"We think El Pollo Loco will grow earnings per share 15 percent to 20 percent as it accelerates unit growth out of California and positions itself to capture Fast Casual guests with the value & convenience of Quick Service Restaurants," Barish wrote before warning investors that "at just 400 units today though, 88 percent of which are in California, there is execution risk."

In addition to an "execution risk," Barish notes that current valuation already includes the company's expansion to Texas and other new markets.

The analyst sees the company growing its total store count from 400 to 2,000. However, the majority of locations will be located within established markets where it has a "strong heritage." The analyst also sees existing markets accounting for 70 percent to 75 percent of store openings over the next few years.

Speaking of valuations, Barish believes that the market has become more wary of high-multiple stocks and "momentum" names which includes several restaurant stocks.

"Although we appreciate its long-term opportunity, we find it hard to assign a higher valuation to the stock given execution risk in new markets, and high expectations for consistently strong quarterly results going forward," Barish wrote.

Bottom line, Barish recommends investors sit on the sidelines and let the stock grow into its multiple.

Morgan Stanley: Overpriced due to growth concerns

John Glass of Morgan Stanley initiated coverage of El Pollo Loco with an Underweight rating and $22 price target on Tuesday.

Glass believes that El Pollo Loco is a strong regional brand, not a national brand that could easily enter new markets.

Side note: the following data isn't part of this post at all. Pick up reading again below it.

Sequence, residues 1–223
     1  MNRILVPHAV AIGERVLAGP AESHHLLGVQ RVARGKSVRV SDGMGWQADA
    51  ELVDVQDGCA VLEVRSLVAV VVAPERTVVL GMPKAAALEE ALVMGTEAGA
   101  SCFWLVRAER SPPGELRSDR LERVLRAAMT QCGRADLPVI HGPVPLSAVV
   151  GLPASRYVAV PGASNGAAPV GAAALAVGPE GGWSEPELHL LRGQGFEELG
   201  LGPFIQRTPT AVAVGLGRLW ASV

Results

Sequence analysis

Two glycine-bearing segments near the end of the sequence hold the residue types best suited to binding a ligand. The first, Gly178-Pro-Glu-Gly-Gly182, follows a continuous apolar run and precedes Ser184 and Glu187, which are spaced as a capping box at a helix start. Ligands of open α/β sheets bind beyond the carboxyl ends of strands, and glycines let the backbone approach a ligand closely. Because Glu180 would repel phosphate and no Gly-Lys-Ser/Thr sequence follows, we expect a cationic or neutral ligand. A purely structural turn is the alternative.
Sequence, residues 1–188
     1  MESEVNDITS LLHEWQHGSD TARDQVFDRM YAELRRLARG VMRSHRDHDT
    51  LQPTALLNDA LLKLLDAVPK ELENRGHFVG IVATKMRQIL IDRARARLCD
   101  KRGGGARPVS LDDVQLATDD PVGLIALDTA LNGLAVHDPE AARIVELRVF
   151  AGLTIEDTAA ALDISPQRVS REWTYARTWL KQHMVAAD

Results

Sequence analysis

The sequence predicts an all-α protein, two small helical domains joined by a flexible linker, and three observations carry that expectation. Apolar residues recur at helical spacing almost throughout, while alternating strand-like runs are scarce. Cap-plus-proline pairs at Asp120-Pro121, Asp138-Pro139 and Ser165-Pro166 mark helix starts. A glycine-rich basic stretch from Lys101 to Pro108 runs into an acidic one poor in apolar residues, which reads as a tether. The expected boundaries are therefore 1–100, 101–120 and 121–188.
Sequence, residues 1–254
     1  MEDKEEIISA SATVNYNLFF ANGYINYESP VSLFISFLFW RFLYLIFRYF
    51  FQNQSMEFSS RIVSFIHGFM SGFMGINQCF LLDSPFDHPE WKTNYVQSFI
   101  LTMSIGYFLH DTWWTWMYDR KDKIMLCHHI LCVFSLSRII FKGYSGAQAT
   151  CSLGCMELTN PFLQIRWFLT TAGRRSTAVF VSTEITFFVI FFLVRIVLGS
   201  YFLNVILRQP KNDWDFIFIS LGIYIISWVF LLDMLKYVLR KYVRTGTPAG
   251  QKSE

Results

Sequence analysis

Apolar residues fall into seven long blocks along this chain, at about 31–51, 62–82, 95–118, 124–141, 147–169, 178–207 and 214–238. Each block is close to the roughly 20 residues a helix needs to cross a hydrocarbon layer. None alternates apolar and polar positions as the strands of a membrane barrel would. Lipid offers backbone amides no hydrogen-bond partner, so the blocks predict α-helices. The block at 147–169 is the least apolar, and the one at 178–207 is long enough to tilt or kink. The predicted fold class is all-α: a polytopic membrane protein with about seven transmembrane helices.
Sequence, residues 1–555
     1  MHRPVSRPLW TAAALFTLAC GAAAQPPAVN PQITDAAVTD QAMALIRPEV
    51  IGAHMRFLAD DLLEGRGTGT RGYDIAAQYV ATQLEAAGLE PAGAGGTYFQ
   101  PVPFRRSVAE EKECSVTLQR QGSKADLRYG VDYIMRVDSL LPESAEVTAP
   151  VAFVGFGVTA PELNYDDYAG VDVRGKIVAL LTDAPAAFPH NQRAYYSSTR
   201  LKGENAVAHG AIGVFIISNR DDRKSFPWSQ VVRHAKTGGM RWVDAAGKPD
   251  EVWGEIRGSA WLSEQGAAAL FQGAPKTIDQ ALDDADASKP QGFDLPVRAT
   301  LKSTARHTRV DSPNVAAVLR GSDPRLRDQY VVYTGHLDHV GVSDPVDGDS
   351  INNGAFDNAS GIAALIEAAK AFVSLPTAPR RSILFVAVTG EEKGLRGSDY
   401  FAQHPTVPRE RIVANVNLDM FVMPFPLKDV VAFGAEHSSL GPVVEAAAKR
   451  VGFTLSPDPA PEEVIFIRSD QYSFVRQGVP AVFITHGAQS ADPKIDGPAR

"We believe this is a strong example of a regional Quick Serve Restaurant concept with ‘on trend' positioning, talented management, and plenty of white space expansion potential," Glass wrote. "But the market appears to be paying a premium for these elements far above what we consider to be fair value – and well above any reasonable peer comparable."

Glass notes that El Pollo Loco could easily become a 2,000+ unit chain nationally, but the majority of its locations will be located within established markets like Southern California. As such, the company has not proven to investors that its concept is "portable" to new markets such as Texas.

Looking forward, Glass is estimating El Pollo Loco could deliver an earnings per share growth of 10 percent to 15 percent through 2016, and 15 percent to 20 percent growth thereafter.

However, valuation is one of the strongest determining factors in Glass' Underweight rating.

The analyst notes that shares are trading at roughly 56 times 2015 estimated earnings per share and 21 times 2015 estimated EBITDA. This would make the name the most expensive in its peer group "by a wide margin in most cases." Additionally, the company's growth rate of earnings, especially over the next two years is expected to be below the peer average.

Bottom line, "any way you stack it, El Pollo Loco looks expensive versus peers."

Shares of the company closed Tuesday at $29.91.

Latest Ratings for LOCO

Aug 2017Morgan StanleyMaintainsEqual-Weight
Nov 2016William BlairDowngradesOutperformMarket Perform
Nov 2016Wells FargoDowngradesOutperformMarket Perform

View More Analyst Ratings for LOCO
View the Latest Analyst Ratings

Posted-In: Andy Barish Chipotle Mexican Grill El Pollo LocoAnalyst Color News Price Target Initiation Analyst Ratings